Bucking the trend, where companies are finding it difficult to raise funds during the COVID-19 pandemic, Reliance Industries have gone ahead and announced itself as net debt-free.
The conglomerate that had a net debt of ₹1.61 trillion in March, has raised ₹1.68 trillion in two months since April and fast-tracked a promise made by its Chairman Mukesh Ambani to his shareholders on August 12, 2019.
The original schedule for going debt-free was March 31, 2021. Ambani, Asia’s richest man, promised his shareholders that Reliance Industries, in its ‘golden decade’, will set even more grandiose growth goals and achieve them.
“Exceeding the expectations of our shareholders and all other stakeholders, again and yet again, is in the very DNA of Reliance,” Ambani said, remembering his father who always rewarded his shareholders.
The ‘net debt-free’ status means that Reliance is less risky from an investor’s point of view, since in the worst-case scenario, it has enough cash in its hands to pay off its debt. This would also now make it an attractive investment option to certain groups of portfolio investors who, in the past, might have been concerned with the high amount of leverage in its business.
Reliance has raised a capital of ₹53,124 crore through a rights issue and ₹1,15,694 crore by diluting its equity in Jio platforms to a combination of Private Equity Funds, Sovereign Funds, Financial Investors, and strategic foreign tech giants, such as Facebook. The gains in stock prices of Reliance Industries have outpaced the NIFTY since it announced the first of 11 fund-raises.
Ambani said that over the past few weeks, he was “overwhelmed by the phenomenal interest of the global financial investor community in partnering with Jio.”
Jio is arguably India’s largest telecom operator with nearly 400 million users. It is now looking to monetize its user base by leveraging partnerships with global businesses like Facebook. These companies provide a gateway into an exploding digital economy and an e-commerce ecosystem that includes retail, services, payments, education, and health care sectors.
Since there is strong investor interest in Reliance’s consumer businesses, Jio Platforms, and Reliance Retail, they are likely to go for public listings in the next five years. Reliance’s retail unit runs 12,000 cash and carry and wholesale stores across India. In a move aimed at competing with global e-commerce giants such as Amazon, Walmart, and Flipkart, the company last month launched an online grocery service called JioMart.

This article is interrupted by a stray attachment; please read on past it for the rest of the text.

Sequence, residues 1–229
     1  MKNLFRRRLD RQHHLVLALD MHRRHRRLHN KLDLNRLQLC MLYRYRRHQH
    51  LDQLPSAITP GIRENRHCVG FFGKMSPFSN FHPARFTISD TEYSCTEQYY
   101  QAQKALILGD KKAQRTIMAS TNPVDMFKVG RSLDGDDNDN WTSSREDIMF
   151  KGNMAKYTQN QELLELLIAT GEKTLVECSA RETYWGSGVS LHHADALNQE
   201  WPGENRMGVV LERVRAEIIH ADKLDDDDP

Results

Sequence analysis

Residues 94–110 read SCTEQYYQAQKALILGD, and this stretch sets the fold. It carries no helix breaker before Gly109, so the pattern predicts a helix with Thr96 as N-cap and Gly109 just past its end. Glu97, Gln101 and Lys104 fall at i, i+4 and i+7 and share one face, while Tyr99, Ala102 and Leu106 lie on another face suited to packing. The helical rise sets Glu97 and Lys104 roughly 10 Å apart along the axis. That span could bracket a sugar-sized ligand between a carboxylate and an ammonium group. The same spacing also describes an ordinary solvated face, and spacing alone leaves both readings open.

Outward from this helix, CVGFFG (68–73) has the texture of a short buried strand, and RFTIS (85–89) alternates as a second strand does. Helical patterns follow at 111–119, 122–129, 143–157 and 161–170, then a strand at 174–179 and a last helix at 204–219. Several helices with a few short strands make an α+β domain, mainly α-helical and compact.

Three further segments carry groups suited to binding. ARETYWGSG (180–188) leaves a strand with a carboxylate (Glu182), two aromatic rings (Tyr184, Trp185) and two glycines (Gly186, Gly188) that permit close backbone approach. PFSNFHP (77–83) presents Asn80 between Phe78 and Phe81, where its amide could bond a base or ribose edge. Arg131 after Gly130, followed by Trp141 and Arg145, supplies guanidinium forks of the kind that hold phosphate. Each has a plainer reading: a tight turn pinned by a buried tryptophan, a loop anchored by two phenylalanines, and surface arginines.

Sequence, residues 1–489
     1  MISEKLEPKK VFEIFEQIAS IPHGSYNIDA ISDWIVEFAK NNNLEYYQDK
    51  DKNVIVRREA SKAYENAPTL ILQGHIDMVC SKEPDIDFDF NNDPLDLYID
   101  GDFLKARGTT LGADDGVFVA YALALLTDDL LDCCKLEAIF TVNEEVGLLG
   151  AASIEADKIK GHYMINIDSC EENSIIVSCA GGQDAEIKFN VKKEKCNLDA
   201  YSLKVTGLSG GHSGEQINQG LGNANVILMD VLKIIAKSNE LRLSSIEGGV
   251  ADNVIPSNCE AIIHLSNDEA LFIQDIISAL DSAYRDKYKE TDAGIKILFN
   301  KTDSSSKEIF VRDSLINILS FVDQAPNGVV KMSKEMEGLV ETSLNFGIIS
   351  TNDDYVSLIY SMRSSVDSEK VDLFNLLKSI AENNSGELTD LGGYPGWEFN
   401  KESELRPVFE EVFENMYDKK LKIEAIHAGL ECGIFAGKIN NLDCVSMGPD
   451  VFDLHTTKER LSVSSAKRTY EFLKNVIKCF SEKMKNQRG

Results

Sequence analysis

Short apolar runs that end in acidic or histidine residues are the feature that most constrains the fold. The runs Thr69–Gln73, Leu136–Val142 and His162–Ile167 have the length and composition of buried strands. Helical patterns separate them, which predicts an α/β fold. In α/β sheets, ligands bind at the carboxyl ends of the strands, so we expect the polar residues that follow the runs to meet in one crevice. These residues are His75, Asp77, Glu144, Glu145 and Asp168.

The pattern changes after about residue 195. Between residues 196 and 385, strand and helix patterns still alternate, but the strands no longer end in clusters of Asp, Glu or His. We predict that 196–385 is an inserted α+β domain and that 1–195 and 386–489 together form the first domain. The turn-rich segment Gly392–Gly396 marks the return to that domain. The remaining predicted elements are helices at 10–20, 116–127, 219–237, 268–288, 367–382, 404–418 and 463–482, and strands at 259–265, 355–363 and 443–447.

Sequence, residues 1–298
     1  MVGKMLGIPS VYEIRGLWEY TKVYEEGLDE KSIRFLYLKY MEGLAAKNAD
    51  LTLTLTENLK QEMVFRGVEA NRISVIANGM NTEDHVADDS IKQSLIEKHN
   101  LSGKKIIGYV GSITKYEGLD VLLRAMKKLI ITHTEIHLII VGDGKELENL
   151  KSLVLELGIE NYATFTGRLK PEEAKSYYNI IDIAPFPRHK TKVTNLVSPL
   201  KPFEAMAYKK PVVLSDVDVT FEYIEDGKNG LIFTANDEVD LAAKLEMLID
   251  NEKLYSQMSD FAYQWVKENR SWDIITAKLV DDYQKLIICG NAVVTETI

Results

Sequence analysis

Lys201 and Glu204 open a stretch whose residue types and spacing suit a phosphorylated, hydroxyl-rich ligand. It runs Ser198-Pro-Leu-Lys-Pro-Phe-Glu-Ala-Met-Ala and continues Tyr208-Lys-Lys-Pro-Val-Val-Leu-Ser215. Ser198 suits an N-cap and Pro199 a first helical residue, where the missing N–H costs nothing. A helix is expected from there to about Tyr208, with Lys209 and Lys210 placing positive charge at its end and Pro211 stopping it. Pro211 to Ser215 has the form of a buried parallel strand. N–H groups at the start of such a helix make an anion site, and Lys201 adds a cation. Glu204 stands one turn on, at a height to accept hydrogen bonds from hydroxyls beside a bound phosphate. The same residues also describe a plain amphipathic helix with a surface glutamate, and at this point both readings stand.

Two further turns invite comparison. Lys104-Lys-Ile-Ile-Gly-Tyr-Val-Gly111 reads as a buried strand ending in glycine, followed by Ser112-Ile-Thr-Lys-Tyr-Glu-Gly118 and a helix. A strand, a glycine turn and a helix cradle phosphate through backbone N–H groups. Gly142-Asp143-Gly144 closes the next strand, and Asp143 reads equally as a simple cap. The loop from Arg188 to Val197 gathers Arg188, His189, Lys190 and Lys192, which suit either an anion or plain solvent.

It is believed that Reliance Industries would wrap up the bulk of its fundraising initiatives for Jio platforms by the third quarter of 2020. It is also exploring public listing in the United States by 2021, according to a Reuters report.
Modi, Modi, and Modigliani
A key rainmaker who was a part of these deals for Reliance Industries is believed to be Manoj Modi, who has in the past been a part of every big move RIL makes. Sources claim he has ‘a say’ in each of its businesses. Currently, there is no designated CEO as such at Reliance Industries, but if there were to be one, it would be Manoj Modi—55, a Chemical Engineering classmate of Mukesh from UDCT (University Department of Chemical Technology) Matunga, Mumbai.
While Reliance’s recent mega capital-raising spree has been the focus, the company, over the years, has been on a shopping spree. It has been acquiring smaller firms in order to build domain expertise in newer technologies that range from artificial intelligence to distributed computing and blockchain. The idea is to create a digital business, “a super app” that powers everything from online retail to streaming entertainment and internet payments. Manoj Modi is believed to have been the driving force behind these initiatives.
The company’s patriarch, the late Dhirubhai Ambani was among those who spotted early the organizational capabilities of Prime Minister Narendra Modi even when he was a ‘karyakartha’ in Gujarat in 2001 and was carrying out earthquake relief works. He had then requested the industrialist for a helicopter.